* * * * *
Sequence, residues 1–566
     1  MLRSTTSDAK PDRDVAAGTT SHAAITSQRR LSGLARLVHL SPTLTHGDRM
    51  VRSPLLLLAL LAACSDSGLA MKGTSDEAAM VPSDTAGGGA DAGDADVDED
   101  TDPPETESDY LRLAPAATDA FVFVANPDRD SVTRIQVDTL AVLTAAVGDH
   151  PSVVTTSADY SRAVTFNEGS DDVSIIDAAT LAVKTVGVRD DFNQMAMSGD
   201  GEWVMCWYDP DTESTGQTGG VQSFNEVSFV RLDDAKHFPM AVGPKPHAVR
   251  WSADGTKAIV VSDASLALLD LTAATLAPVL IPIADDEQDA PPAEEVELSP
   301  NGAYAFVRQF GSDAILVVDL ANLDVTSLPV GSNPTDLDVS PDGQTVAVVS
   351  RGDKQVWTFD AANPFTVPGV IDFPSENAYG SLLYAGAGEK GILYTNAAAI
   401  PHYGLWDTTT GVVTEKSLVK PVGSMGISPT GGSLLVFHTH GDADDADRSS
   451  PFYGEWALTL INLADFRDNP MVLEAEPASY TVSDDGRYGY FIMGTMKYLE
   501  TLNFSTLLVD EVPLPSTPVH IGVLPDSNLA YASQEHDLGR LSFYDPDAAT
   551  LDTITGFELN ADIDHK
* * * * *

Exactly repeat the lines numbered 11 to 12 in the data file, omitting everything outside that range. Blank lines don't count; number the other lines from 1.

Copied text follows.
   451  PFYGEWALTL INLADFRDNP MVLEAEPASY TVSDDGRYGY FIMGTMKYLE
   501  TLNFSTLLVD EVPLPSTPVH IGVLPDSNLA YASQEHDLGR LSFYDPDAAT